FIG. 1 shows a zoom lens system 10, comprising a focus lens 12, an afocal zoom lens 14 and a master lens 16 arranged to receive radiation from along a path such as shown by arrows 18, 20, and 22; and to produce an image along a path shown by arrow 24 on an image plane 26, which may be the film plane of a still or motion picture camera, or the detector plane of a video camera.
In order that the focus lens 12 be positioned at the proper distance to create a focused image on the plane 26, the prior art has inserted a partially-silvered mirror 30 at a 45-degree angle between the afocal zoom lens 14 and the master lens 16 so as to direct radiation along a path such as is shown by arrow 32, to a lens 34, and thereafter, along a path such as is shown by arrow 36, to the detector array 38 of an auto focus circuit 40. The output of the detectors on the array 38 is presented to the auto focus circuit 40 by a conductor 42, and the auto focus circuit operates to produce an output shown as a mechanical connection 44, which positions the focus lens 12 of the zoom system 10 at a proper position to cause the image on plane 26 to be in focus.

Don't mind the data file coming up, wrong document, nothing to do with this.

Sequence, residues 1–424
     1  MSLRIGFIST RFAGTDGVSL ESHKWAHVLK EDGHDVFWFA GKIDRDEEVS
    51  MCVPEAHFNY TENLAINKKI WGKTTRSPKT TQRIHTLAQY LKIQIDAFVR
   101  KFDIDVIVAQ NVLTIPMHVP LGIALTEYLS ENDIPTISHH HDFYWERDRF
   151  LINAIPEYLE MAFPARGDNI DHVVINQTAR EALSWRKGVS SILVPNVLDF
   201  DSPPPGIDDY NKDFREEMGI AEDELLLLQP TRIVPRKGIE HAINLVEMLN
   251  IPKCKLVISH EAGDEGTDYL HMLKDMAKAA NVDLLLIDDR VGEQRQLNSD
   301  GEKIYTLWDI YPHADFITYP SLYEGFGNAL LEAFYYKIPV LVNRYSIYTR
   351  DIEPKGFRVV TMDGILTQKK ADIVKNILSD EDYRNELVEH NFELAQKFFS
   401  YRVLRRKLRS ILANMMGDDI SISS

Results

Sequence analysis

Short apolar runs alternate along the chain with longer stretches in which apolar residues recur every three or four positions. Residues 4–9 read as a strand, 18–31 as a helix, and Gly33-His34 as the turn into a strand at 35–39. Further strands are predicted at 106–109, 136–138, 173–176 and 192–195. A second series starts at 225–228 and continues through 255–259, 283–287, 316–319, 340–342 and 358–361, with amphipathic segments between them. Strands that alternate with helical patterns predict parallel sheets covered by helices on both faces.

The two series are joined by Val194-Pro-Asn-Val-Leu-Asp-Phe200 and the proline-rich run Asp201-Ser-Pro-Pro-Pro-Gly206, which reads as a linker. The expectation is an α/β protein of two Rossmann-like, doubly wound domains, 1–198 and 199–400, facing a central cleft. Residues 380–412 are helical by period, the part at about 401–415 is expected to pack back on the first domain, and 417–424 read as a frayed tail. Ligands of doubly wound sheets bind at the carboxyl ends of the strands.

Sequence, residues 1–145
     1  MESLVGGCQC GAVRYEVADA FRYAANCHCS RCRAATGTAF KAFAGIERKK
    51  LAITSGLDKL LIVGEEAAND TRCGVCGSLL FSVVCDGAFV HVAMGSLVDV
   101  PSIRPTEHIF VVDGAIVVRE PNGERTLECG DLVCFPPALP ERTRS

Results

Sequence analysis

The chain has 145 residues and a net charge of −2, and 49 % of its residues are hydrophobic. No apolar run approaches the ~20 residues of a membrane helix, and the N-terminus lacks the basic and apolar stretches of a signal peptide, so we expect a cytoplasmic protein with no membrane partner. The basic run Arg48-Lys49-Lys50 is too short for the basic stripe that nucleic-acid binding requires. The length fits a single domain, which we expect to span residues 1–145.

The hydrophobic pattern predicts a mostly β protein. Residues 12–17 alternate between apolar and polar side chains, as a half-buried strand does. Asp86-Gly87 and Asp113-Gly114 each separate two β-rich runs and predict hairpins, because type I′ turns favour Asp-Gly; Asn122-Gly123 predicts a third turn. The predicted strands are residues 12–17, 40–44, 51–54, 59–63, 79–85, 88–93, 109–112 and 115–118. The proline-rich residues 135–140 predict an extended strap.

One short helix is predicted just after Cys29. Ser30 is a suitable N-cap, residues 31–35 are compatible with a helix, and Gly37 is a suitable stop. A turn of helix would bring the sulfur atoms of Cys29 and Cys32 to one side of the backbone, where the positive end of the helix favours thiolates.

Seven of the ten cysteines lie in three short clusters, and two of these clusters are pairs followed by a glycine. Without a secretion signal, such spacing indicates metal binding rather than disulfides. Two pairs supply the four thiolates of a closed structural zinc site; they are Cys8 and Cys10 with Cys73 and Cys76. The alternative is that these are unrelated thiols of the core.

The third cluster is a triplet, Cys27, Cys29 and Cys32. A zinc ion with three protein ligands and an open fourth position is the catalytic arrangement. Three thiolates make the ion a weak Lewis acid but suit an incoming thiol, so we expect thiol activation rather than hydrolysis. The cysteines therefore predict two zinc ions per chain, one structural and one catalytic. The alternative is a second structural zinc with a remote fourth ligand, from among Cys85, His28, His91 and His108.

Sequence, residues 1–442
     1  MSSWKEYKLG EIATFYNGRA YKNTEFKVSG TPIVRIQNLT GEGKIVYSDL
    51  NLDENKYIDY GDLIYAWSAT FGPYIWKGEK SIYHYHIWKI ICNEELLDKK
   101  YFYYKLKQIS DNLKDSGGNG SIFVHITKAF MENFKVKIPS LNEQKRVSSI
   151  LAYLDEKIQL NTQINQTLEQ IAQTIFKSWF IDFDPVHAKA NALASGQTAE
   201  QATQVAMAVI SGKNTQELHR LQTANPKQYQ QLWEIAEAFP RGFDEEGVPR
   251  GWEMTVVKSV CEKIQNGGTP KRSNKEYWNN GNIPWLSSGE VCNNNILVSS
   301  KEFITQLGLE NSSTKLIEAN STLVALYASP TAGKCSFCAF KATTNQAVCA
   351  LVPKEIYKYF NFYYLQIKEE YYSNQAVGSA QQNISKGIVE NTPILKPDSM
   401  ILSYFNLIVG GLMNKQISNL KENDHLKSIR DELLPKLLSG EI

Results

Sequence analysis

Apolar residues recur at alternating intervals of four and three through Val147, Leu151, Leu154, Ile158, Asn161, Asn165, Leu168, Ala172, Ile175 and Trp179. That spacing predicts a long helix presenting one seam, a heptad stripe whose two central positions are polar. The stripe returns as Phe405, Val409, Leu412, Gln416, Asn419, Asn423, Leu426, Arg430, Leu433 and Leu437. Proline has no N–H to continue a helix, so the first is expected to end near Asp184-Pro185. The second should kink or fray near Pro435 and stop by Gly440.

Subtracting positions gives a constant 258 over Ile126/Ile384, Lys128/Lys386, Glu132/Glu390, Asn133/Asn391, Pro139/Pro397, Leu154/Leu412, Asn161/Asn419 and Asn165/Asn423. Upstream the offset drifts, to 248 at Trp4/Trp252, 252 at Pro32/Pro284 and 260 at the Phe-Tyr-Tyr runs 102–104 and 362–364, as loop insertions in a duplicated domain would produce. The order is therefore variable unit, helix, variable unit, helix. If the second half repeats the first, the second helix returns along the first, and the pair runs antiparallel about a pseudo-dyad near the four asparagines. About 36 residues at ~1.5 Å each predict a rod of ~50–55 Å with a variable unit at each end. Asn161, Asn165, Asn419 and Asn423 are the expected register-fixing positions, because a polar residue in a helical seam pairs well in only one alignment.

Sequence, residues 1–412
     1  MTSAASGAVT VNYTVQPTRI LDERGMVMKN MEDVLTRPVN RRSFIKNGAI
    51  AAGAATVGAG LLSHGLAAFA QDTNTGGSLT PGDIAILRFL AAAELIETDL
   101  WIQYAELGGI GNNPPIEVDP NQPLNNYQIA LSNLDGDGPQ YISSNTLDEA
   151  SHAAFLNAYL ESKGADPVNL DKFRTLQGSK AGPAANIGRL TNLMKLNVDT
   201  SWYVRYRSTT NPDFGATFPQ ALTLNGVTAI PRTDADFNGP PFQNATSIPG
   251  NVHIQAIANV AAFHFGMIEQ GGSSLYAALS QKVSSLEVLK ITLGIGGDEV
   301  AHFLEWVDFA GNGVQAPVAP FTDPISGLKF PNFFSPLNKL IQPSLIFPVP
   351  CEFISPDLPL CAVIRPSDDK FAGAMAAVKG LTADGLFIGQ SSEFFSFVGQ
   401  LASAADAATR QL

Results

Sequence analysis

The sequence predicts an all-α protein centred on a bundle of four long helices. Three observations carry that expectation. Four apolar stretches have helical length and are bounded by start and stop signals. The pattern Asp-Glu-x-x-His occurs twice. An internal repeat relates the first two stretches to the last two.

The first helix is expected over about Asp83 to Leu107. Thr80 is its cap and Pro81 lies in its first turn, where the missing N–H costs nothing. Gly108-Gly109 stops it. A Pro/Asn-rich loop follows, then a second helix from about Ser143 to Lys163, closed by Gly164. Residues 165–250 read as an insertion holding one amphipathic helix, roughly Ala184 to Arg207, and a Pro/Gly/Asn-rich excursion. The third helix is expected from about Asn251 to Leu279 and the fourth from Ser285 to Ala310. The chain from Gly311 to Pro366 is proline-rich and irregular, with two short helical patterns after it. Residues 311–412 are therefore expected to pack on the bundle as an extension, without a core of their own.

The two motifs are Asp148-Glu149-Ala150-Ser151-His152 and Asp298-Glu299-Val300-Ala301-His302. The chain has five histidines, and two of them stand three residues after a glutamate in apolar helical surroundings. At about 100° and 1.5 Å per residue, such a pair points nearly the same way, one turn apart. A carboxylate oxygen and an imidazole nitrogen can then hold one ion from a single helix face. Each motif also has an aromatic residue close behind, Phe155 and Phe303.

The partially silvered mirror 30 is usually made so that enough of the available radiation passes to the auto focus detector 38 to enable it to work, while the remainder of the radiation passes to the master lens 16. It is seen in FIG. 1 that the placement of the mirror 30 at a 45-degree angle between the afocal zoom lens 14 and the master lens 16 requires a distance "D" to be utilized. It is also known that the distance "D" should be minimized in order to make the overall zoom lens length reasonably small.